Home FRANCES BERMAN vs. ABRAHAM GREENBERG (and two companion cases [Note 1]).

314 Mass. 540

December 2, 1941 - September 14, 1943

Worcester County


An owner of a building who used due care in hiring an independent contractor to remove wallpaper therein by a gasoline fired steam generating machine was not liable to one injured by an explosion of the machine caused by negligence of the contractor where it did not appear that use of the machine for such purpose was an inherently dangerous undertaking.

An exception to the exclusion of a question to a witness must be overruled in the absence of an offer of proof or anything to show what answer was expected.

Evidence that one hired by the owner of a building to do work therein gave the owner an estimate of the cost of the work was admissible to show the material fact that the workman was an independent contractor rather than a servant of the owner.

THREE ACTIONS OF TORT. Writs in the Superior Court dated May 24, 1939.

The cases were tried before Burns, J.

In this court the cases were argued at the bar in December, 1941, before Field, C.J., Donahue, Dolan, & Cox, JJ., and afterwards were submitted on briefs to all the Justices.

H. R. Sher, for the plaintiffs.

M. J. Rubin, (J. C. McDonald with him,) for the defendant.

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LUMMUS, J. These are three actions of tort arising out of the explosion of a machine, generating steam by means of a gasoline boiler, for the purpose of removing wallpaper. The first action is for personal injuries. The second is brought by the husband of the plaintiff in the first case, and is for consequential damages resulting from the injury to his wife. The third action is for the conscious suffering and death of the plaintiff's intestate.

The cases are here on exceptions by the plaintiffs to the direction of verdicts for the defendant and to the exclusion of certain evidence.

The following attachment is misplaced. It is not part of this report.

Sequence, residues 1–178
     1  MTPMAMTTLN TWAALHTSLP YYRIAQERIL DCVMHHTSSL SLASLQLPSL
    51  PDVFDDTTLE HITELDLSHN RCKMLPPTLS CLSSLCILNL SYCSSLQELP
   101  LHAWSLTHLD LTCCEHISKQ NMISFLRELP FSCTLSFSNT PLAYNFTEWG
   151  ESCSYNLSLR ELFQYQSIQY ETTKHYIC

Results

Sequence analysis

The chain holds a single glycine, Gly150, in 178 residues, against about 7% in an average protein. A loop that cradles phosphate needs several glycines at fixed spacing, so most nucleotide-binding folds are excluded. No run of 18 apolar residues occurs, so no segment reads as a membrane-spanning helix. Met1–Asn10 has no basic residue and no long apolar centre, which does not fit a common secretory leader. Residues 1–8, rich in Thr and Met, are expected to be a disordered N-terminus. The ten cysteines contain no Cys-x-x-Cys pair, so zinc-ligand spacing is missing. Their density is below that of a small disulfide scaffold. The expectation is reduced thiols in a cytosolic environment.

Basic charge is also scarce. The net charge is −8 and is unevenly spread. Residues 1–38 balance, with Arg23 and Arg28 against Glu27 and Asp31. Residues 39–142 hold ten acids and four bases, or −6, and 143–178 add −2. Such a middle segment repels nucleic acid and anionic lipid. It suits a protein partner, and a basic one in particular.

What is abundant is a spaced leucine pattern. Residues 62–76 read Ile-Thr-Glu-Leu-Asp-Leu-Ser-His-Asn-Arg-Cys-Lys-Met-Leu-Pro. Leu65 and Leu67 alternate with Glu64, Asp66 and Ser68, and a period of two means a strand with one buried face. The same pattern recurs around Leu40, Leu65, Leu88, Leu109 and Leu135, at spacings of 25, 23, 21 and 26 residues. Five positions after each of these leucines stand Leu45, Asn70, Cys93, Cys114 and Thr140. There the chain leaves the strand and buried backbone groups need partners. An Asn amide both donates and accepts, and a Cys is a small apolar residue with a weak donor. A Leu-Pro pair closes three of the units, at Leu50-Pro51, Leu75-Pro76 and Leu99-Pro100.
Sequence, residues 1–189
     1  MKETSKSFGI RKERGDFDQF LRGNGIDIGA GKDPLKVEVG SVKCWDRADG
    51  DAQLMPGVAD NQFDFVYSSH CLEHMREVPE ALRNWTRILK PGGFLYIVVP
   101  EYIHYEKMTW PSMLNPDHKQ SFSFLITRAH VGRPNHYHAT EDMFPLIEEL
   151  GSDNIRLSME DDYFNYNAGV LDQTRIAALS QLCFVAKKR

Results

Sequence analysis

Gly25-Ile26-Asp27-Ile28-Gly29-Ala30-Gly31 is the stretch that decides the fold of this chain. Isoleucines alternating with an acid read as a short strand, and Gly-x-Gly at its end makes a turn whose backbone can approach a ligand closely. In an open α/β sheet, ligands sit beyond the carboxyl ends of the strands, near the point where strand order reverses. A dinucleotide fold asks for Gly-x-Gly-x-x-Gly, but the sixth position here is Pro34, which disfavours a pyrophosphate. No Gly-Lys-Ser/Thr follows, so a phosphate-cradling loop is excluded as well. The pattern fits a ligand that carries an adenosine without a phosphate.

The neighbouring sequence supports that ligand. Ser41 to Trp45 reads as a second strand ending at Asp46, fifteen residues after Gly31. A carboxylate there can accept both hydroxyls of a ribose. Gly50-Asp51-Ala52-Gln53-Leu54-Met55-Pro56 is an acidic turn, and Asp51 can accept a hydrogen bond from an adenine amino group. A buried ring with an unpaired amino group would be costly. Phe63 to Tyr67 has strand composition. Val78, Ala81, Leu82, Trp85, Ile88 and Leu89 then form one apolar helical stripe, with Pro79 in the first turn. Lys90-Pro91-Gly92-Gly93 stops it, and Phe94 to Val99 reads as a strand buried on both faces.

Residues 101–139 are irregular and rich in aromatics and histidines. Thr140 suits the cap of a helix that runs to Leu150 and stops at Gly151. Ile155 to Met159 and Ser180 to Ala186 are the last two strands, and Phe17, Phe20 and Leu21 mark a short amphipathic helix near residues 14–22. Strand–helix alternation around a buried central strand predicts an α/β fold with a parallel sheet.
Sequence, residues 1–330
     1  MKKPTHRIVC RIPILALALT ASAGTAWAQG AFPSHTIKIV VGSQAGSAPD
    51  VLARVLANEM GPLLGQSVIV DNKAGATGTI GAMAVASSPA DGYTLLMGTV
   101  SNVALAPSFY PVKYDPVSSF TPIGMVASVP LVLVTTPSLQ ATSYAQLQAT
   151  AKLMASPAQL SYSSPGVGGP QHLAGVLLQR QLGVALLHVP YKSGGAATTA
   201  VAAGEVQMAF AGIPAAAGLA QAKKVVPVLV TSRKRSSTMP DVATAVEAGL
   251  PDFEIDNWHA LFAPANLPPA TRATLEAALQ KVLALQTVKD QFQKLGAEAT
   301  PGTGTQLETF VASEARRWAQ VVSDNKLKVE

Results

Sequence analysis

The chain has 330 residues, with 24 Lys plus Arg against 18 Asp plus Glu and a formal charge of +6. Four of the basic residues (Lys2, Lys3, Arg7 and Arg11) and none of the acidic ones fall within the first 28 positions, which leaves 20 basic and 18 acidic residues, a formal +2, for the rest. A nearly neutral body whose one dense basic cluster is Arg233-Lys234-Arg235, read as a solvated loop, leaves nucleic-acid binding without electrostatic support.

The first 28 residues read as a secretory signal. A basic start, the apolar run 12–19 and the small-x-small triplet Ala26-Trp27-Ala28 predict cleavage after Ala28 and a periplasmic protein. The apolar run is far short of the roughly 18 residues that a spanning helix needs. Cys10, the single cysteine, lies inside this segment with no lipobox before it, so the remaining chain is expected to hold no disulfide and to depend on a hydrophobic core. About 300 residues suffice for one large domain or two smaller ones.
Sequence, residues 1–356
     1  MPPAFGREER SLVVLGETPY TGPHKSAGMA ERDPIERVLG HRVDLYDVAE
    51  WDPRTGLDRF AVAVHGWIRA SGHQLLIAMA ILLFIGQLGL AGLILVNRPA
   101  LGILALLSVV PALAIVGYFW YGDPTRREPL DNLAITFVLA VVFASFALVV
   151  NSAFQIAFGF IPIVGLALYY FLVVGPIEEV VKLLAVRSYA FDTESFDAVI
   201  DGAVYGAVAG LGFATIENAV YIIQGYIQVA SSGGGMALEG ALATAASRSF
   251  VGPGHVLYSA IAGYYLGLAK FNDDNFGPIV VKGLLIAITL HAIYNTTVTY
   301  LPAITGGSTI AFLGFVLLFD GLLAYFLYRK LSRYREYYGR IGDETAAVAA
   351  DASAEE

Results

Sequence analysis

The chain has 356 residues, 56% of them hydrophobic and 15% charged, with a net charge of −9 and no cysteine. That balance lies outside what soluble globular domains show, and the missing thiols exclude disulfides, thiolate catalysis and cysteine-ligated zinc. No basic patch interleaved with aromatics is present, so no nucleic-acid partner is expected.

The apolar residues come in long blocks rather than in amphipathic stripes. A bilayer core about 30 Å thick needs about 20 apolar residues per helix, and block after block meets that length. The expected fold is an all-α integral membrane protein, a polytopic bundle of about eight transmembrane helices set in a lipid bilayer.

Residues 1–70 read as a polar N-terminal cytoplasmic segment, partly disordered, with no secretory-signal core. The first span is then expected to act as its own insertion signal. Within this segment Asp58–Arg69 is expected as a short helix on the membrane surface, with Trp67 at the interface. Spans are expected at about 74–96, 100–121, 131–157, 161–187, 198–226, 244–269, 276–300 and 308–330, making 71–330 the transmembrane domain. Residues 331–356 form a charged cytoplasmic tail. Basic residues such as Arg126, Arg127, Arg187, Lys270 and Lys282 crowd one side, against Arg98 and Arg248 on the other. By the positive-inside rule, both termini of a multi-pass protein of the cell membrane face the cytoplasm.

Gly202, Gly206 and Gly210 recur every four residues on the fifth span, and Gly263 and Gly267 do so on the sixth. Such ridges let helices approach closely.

There was evidence tending to prove the following facts. Frances Berman, the plaintiff in the first case, lived with her husband and her mother, Sadie Norris, the plaintiff's intestate in the third case, in a tenement owned by the defendant in Worcester. Manuel Berman was a tenant at will, paying rent monthly. Sadie Norris and the Bermans shared the rent. In March, 1939, Manuel Berman spoke to the defendant, in the presence of his wife and mother-in-law, about repairing the tenement. The defendant at first refused to repair, but when Berman threatened to move the defendant agreed to make repairs. After some discussion, the defendant said that the wallpaper would be removed and replaced with new paper. On April 24, 1939, the defendant came to the apartment with one Levey, a paper hanger and painter, and went through the rooms, followed by Manuel and Frances Berman and Sadie Norris. The defendant directed Levey to take the paper off that day, and said that he would return to tell Levey what else to do. The steam-making machine used in removing paper was there, and the defendant asked Levey whether that was what he used in removing paper. Levey replied that it was a steamer used in removing wallpaper, and showed the defendant and Berman how he used it. Levey had hired the machine. Levey's son worked for and with Levey. That evening the defendant returned to the apartment and found that Levey had quit work at four o'clock, and had removed the paper from only two rooms. Manuel Berman told the defendant that Levey had told him that he could do five rooms a day but that the machine

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"was working terrible today and I couldn't do nothing with it. Sometimes I have to call up Mr. Winer the owner of the machine to get a new one."

On the next day the defendant came in and told Levey to take off the rest of the paper and said that he would return to tell Levey what else to do. Apparently after the defendant had gone, Levey poured gasoline from a container two feet high and one foot wide into the machine. There was a pan under the gasoline tank of the machine which was filled with water to keep the bottom of the machine cool. When he poured the gasoline, there was a slight overflow of gasoline into the pan. When he lighted the machine a flame appeared in the pan. Levey tried to smother the flame with a rug but did not succeed. He asked Frances Berman for a glass of water. Her maid handed one to Levey, who threw it on the flame, causing it to "smoke up." Frances Berman opened a window, and that caused more smoke. She was about to call the fire department at the request of Levey, when the machine exploded. Frances Berman suffered severe burns, and her mother was burned so badly that she died a few days later.